Several pharmaceutical companies began vaccine trials with McLellan’s protein in 2017, and the first successful phase III (late-stage) results came this year. Pfizer’s vaccine was 86 percent effective, and GSK’s was 83 percent effective in adults 60 and older. Between those vaccines and Pfizer’s recent maternal RSV vaccine news, Graham, who is now retired from the NIH, expects to see at least one RSV vaccine approved by the end of 2023, if not sooner.

How does RSV get treated?

There is no medication that can treat RSV. The treatment is primarily supportive care for symptoms like fever and congestion. People with difficulty breathing may be given a breathing tube, or supplemental oxygen via a mask or nose tube. Flores states that although the American Academy of Pediatrics used recommend steroids for infants in the past, there are conflicting data on how effective they work.

There are two reasons that RSV doesn’t have a treatment. It’s difficult to find effective drugs for respiratory viruses infections. Most of the four antivirals available for flu, for example, are fairly new and have limited effectiveness unless given early after infection. Second, RSV is a rare disease that causes death in children. Therefore, therapeutics are not as important as drugs for other conditions. The pipeline for RSV treatment has been bolstered by the recent knowledge of how many adults are affected by RSV and the advancements in monoclonal antibody technology.

The drug furthest along is nirsevimab, which was 75 percent effective in healthy infants in a phase III trial and has been shown to be safe in premature infants as well. FDA approval could be forthcoming in the next year or later.

What should someone do if they think they or a family member has RSV?

You won’t be able to tell if you have RSV, as it will feel just like any other cold. Flores advises that you do “all the things we learned in the pandemic” if you are sick. This includes wearing a mask, good hand hygiene, covering your mouth if you cough or sneeze, and, if possible, working from home. Many people won’t or can’t stay home from school or work with just a cold, though, so wearing a mask can at least protect others around you while you’re sick, especially those at higher risk for complications. If there’s anything we learned from the way flu and RSV basically disappeared in 2020, Flores says, it’s that masking obviously works.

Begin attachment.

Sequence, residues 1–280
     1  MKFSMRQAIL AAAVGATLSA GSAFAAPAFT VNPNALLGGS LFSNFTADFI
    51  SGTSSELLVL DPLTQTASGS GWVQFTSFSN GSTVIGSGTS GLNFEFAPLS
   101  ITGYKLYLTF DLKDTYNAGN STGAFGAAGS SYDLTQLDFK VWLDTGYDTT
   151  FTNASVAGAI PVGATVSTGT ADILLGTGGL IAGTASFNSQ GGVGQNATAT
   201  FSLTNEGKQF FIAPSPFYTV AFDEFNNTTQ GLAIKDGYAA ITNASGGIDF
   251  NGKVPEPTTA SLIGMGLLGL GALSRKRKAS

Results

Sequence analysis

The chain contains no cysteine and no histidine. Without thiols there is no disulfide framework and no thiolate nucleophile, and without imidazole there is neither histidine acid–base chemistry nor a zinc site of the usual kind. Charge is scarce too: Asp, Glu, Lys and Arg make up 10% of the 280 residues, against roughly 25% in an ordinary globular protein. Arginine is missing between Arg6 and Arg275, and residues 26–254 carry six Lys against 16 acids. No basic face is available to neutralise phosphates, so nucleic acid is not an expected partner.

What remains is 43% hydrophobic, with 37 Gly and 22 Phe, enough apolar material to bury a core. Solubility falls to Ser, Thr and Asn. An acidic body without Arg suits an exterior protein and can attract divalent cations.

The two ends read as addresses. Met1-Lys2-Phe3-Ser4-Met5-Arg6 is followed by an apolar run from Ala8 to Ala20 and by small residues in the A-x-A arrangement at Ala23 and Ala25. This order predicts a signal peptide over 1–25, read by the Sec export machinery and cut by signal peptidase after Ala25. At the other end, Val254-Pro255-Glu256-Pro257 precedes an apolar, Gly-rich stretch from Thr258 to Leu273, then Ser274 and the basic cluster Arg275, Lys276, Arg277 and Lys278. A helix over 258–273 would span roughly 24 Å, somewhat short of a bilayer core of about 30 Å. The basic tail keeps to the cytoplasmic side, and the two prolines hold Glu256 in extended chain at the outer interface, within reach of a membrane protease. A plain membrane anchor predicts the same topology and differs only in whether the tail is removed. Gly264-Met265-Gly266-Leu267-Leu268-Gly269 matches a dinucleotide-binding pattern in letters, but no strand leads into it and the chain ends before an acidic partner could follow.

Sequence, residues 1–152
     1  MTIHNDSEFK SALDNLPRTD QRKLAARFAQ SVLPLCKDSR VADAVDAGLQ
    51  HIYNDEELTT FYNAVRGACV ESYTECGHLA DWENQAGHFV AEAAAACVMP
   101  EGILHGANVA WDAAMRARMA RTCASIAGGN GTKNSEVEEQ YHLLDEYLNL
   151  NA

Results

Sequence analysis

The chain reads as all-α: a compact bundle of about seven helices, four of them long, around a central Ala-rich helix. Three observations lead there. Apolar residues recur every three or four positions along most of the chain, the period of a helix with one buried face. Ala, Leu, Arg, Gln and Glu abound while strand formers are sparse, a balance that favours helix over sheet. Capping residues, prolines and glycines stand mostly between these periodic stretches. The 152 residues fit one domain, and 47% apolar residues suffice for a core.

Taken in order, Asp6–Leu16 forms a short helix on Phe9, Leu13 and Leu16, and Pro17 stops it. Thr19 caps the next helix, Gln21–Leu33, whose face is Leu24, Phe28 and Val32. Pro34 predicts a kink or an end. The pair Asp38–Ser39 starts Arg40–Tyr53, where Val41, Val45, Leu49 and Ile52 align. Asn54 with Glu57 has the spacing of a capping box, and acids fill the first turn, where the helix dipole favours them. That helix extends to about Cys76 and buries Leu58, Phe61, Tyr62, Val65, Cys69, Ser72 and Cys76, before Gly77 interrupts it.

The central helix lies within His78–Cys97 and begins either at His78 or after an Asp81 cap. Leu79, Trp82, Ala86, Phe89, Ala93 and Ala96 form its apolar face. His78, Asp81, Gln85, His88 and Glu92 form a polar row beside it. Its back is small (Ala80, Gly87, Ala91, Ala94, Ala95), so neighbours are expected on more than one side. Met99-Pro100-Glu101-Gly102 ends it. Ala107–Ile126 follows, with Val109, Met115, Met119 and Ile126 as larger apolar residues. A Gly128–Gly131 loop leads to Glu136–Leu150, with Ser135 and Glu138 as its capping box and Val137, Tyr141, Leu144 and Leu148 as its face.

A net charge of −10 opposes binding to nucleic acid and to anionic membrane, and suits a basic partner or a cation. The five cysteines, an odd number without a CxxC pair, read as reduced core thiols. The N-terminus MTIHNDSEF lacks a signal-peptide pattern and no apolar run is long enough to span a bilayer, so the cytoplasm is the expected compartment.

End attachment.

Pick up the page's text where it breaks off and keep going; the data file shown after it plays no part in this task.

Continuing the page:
When should someone with RSV go to the hospital?

As with any other respiratory condition, difficulty breathing is the most important sign to seek medical attention. Parents should also take infants under six months to the hospital if their child is unable to lie down without difficulty breathing, if they are sleepier than usual, or if they are difficult to wake from sleep.

What can one do to protect vulnerable people from RSV?

Infants and young children who were born premature or who have weakened immune systems, chronic lung disease, congenital heart disease or a neuromuscular disorder may qualify to receive the drug palivizumab. Palivizumab can be very expensive and is in limited supply so it’s reserved only for those who are most at risk. When the RSV season was more predictable, at-risk infants would begin receiving palivizumab in late fall, but when RSV’s seasonality shifted in 2021, state public health authorities convened to ensure the drug would become available when cases began rising.

For others at risk, including infants without underlying conditions, older adults and immunocompromised individuals, the same protections they take against COVID are also effective against RSV, as the low rates of RSV in 2020 showed. Flores states that when we see such surges, [vulnerable persons] are urged to be more cautious. To prevent COVID, Flores recommends that sick relatives avoid visiting, that you wash your hands frequently, and that you wear a mask outside to protect yourself from exposure to other seasonal respiratory viruses such as flu and RSV. And of course, Flores says, everyone eligible for a flu vaccine and COVID vaccine should ensure they’re vaccinated and boosted to reduce the risk of developing multiple infections at the same time.


    Tara Haelle is a Texas-based science journa